Still, complacency would be ill-advised. Although the odds seem favorable for an orderly adjustment, the current imbalances are large and--importantly for gauging risks--unusual from a historical perspective. Thus, we have little experience to call on in judging when and how they will be corrected. In such circumstances, we cannot rule out sudden shifts in expectations, whether or not they are unreasonable to begin with, and asset prices may change suddenly. Investors may recognize the unsustainability of some flows and prices, but believe they can adjust in advance of the market--as apparently many thought they could in the tech-stock bubble--and their reactions when prices move could add to volatility. Moreover, we cannot rule out governments engaging in unwise policies--policies that might undermine confidence or might hinder market adjustments and associated changes in asset prices.
The Role of Policy
Adjustment of global current-account imbalances could also be aided by changes over time in the policies of our trading partners. To some extent, it would seem appropriate for them to use their macroeconomic policies to stimulate domestic spending. In many cases, however, the root cause of deficient demand seems to be more structural than cyclical in nature, and would thus call for more micro-oriented measures. Combined, these policy initiatives on the part of our trading partners should yield higher productivity growth, generate more vigorous spending abroad, raise rates of return on their capital investment, and ease their adjustment to smaller U.S. deficits. These changes, in turn, would boost the demand for U.S. exports and could shift portfolio preferences away from dollar-denominated assets.
Other public policies here and abroad can have an important influence on the transition process by working with markets and facilitating adjustment. For example, governments should strive to maintain and enhance the flexibility of markets. In particular, the United States and its trading partners should vigorously protect the current degree of market openness and should aim to reduce trade barriers further. Over time, increased exchange rate flexibility abroad would also be beneficial. These and other types of market flexibility help facilitate needed shifts in spending and prices; without them, rigidities might impede such stabilizing changes, causing adjustments to break out forcefully in other, more disruptive ways.
Strong financial institutions are especially important at this time when asset prices could move by large amounts unexpectedly. By ensuring that financial institutions are adequately capitalized and well prepared in general to deal with major changes in asset prices, prudential regulation decreases the risk that the actions of impaired financial institutions could disrupt the flow of credit and thereby intensify what might already be difficult adjustments. In addition, strong institutions should be positioned to weather any necessary changes in short-term interest rates as policy is adjusted.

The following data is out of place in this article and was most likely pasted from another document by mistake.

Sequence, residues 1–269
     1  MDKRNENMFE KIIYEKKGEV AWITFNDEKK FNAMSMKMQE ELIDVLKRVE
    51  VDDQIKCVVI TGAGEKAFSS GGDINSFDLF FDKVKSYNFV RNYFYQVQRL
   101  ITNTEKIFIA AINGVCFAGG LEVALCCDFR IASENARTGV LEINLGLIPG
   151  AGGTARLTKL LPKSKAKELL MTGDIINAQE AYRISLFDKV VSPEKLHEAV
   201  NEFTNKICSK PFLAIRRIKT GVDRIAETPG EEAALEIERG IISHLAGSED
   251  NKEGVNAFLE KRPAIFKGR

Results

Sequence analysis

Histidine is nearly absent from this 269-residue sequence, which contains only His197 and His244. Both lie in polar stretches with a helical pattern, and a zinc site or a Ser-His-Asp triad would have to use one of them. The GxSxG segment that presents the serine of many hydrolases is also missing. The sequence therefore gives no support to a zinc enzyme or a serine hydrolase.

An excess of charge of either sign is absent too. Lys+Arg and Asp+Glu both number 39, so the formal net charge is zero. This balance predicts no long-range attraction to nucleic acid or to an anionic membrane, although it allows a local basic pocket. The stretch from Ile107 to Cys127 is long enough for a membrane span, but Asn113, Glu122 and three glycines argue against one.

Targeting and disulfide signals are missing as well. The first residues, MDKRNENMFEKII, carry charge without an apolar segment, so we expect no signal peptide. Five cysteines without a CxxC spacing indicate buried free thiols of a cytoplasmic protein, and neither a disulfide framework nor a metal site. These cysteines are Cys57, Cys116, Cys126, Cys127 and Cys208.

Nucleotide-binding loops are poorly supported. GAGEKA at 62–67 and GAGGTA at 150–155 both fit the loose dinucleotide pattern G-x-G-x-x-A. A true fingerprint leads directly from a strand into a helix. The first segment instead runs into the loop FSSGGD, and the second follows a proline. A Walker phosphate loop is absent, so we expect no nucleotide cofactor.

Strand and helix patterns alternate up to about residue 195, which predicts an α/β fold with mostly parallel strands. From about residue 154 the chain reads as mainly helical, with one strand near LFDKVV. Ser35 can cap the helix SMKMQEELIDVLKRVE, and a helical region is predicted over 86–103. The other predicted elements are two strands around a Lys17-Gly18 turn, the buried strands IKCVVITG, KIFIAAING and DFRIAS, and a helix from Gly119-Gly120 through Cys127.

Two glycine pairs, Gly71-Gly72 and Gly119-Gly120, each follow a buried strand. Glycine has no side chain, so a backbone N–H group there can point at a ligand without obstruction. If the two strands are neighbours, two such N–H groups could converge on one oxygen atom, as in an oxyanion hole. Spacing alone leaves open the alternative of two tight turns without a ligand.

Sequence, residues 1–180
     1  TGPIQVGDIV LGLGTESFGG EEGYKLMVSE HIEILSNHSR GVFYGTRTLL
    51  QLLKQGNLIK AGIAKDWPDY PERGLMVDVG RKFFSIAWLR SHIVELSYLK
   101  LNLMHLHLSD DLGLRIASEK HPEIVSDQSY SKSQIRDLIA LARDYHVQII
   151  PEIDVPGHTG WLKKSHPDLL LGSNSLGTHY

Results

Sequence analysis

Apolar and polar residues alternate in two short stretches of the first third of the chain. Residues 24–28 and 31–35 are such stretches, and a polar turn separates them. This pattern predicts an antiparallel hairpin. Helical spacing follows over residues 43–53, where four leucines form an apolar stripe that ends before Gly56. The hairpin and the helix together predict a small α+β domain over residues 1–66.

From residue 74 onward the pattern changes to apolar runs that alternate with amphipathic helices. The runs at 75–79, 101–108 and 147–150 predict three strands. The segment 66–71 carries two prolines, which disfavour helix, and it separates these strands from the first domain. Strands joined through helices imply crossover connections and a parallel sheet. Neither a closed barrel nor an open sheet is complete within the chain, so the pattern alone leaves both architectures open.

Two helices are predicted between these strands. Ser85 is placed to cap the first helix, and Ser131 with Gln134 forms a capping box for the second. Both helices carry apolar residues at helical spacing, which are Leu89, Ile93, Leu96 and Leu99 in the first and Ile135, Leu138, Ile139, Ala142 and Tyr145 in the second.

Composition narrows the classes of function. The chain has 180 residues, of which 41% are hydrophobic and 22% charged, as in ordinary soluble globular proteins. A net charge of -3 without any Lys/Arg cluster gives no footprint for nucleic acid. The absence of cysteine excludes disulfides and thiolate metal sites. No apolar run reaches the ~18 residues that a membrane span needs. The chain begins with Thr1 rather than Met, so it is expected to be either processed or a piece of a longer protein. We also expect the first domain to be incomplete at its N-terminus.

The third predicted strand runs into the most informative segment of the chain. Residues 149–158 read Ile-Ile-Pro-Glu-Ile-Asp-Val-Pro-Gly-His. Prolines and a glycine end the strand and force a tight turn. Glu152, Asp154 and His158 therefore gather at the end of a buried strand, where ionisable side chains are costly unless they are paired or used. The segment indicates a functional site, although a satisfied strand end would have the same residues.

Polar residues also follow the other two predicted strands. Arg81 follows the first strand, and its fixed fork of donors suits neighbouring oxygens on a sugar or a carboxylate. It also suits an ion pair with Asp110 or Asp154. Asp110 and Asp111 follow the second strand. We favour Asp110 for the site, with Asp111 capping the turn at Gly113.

Finally, there is the role that monetary policy plays in reacting to these imbalances and their inevitable unwinding. The Federal Reserve's mandate is to keep inflation low and stable and to promote full resource utilization, with the economy expanding at its maximum sustainable rate. Thus, anything that has the potential to threaten the stability of output and prices is of concern to us. These imbalances certainly affect the forces of supply and demand and have consequences for price stability. Nevertheless, their direct influence on monetary policy is limited: They are important to us in so far as they affect the macro economy, and in this regard they are just a few of the factors that the Federal Open Market Committee considers in assessing the prospects for the stability of prices and output. Hence, we should take into account the claim on resources implied by the federal budget, as we should the effect that housing wealth has on consumer spending and the economy more broadly. We should note the implications of changes in the exchange rate or borrowing rates by U.S. corporations that result from shifts in global investor sentiment. But, in the same vein, we should not hesitate to raise interest rates to contain inflation pressures just because it might set off a retrenchment in housing prices, just as we were willing to keep rates unusually low as house prices rose rapidly. Nor should we hesitate to raise rates because higher rates mean higher debt-servicing burdens for the current account, the fiscal authority, or households. In my view, our role is to anticipate as best we can the macroeconomic effects of imbalances and their correction and to respond to unexpected changes in asset prices and spending propensities as they occur. It is through such actions that we aim to achieve our objective of economic stability.
2. For a model-based examination of this question, see "U.S. Current Account Deficit: Causes and Consequences," remarks by Vice Chairman Roger W. Ferguson, Jr. to the Economics Club of the University of North Carolina at Chapel Hill, Chapel Hill, North Carolina (April 20, 2005). Return to text